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Healthcare Management

Patients’ and customers’ needs

and expectations today are chang- ing, and healthcare companies must be ready to evolve along with them. As we look at the current health- care landscape, there are several key factors fuelling new opportunities for industrial growth, while also forcing a change in the ways companies oper- ate and interact with governments and healthcare providers. Given the macr- oeconomic environment, there is a call for change in pricing models, as well as a commitment to patient outcomes and extending access in the develop- ing world. New technologies will be the crux of this global shift and critical to our ability to adapt for the future. The needs for medical research are global, but different parts of the world have different disease patterns and therefore research capacity building, especially in middle and low income countries will be an essential key to improve health. The goal of all entities involved in health should be to move

to a paradigm that considers health as a mutual investment function - shar- ing of knowledge, experience and capacity in the service of improving the health of people everywhere. To achieve this aim there is also

a clear and urgent need for better harmonization, coordination and governance among the diverse players in the healthcare sector. To effectively address the challenges of our time, we need new thinking, stronger inter- national cooperation and a redesign

of future governance mechanisms to allow the present, rather chaotic situ- ation to evolve into a landscape and framework, which is inclusive, collec- tive, sustainable and equitable. This is especially needed in countries where dramatic political reforms (e.g. in the Arab world) and austerity measures (e.g. in Greece), will ultimately lead to drastic reform processes in healthcare, concerning major issues in healthcare systems: restructuring, investments, financing, internationalization.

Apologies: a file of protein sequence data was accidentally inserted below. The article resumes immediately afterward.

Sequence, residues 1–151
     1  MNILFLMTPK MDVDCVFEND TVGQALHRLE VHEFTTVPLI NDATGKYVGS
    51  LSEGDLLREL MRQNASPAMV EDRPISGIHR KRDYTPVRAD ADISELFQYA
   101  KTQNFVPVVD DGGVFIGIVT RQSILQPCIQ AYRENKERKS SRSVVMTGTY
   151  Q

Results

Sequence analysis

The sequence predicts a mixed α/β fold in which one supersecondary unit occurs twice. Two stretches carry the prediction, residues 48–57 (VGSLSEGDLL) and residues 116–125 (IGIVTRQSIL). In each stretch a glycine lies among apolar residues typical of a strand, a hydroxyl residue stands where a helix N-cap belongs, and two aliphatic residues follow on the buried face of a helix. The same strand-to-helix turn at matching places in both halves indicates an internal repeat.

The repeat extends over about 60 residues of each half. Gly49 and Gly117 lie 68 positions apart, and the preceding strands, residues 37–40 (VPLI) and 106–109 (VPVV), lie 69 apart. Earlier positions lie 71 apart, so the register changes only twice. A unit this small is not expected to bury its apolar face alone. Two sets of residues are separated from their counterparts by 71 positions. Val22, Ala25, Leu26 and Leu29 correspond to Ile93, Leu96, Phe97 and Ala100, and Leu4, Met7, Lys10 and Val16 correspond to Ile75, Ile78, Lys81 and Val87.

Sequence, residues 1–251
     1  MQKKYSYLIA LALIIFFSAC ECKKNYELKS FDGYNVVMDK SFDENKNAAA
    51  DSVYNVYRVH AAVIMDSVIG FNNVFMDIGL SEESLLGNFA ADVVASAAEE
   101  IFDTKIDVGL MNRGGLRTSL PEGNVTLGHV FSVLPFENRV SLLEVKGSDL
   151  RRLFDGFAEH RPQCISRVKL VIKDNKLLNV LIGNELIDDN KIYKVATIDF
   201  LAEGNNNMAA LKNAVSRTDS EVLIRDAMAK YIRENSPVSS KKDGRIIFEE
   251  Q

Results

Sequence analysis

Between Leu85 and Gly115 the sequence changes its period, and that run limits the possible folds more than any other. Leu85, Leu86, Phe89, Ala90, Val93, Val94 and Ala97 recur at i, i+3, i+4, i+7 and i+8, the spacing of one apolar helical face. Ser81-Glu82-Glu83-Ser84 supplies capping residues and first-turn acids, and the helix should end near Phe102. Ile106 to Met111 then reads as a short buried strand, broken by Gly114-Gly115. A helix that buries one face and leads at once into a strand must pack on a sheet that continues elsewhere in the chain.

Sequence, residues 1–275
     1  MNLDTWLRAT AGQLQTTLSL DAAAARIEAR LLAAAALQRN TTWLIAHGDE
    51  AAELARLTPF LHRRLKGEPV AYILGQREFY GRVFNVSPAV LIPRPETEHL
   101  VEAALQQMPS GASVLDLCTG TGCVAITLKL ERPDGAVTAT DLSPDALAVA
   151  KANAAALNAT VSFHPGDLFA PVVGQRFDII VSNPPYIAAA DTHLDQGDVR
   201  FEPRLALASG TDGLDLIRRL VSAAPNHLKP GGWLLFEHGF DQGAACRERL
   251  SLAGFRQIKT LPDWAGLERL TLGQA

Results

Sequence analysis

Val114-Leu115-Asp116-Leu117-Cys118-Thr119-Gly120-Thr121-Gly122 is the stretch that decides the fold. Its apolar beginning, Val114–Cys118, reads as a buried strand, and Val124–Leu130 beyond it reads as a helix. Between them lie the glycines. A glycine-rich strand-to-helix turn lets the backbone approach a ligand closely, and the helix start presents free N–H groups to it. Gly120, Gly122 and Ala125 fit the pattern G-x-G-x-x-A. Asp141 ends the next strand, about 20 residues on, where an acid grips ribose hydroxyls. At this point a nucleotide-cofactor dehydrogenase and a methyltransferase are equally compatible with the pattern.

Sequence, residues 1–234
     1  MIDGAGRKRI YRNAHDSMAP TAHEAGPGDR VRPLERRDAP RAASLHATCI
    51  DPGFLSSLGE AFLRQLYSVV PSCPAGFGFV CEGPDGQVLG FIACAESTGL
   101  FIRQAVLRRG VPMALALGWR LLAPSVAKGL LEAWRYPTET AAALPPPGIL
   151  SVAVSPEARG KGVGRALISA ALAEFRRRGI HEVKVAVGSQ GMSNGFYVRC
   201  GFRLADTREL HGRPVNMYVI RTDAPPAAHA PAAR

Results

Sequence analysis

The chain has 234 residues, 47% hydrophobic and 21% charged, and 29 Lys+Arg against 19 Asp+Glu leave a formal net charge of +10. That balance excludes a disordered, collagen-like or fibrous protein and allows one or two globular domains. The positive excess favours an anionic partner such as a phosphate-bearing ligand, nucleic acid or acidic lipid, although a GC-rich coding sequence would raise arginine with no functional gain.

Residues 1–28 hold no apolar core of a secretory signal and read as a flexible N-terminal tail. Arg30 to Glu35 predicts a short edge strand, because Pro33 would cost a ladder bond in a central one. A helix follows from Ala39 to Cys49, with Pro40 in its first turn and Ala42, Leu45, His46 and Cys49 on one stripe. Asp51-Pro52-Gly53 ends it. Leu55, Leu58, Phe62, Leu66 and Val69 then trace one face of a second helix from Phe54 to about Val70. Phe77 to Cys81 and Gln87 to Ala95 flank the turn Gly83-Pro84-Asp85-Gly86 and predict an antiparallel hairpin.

A multistakeholder approach between academia, governments, indus- try and the civil society will be required to find sustainable solutions. Innovative ways of maximizing the benefits from limited resources and ensuring that the gains of medical progress reach as many people as possible, have to be developed. Prevention of morbidity and premature mortality must be primary goals of any healthcare system and will be essential in managing the spiralling demands and costs resulting from the growing burden of non-communicable diseases such as diabetes and cardiovascular diseases. Many prevention programs to date have provid- ed outstanding returns on investment – such as immunization, road trau- ma prevention, HIV prevention and tobacco control. Effective prevention requires persistence, time, sufficient finances, evidence and the political will to pass effective legislation and regulation. Prevention is for life – it must become an essential service as part of our health systems.

Dr. Mathias Bonk, a paediatrician with working experience in Germany, India and the United

Kingdom and trained in Tropical Medicine and International Health, is the Program Director of the World Health Summit, to be held at the Charité Universitätsmedizin in Berlin, Germany,

October 23rd-26th 2011 (www.worldhealthsummit. org). In addition, he is the Coordinator of the M8 Alliance of Academic Health Centers and Medical

Universities, a collaboration of academic institutions of educational and research excellence that

recognizes its responsibility to improve global health. The M8 Alliance acts as a permanent platform for framing future considerations of global medical developments and health challenges.



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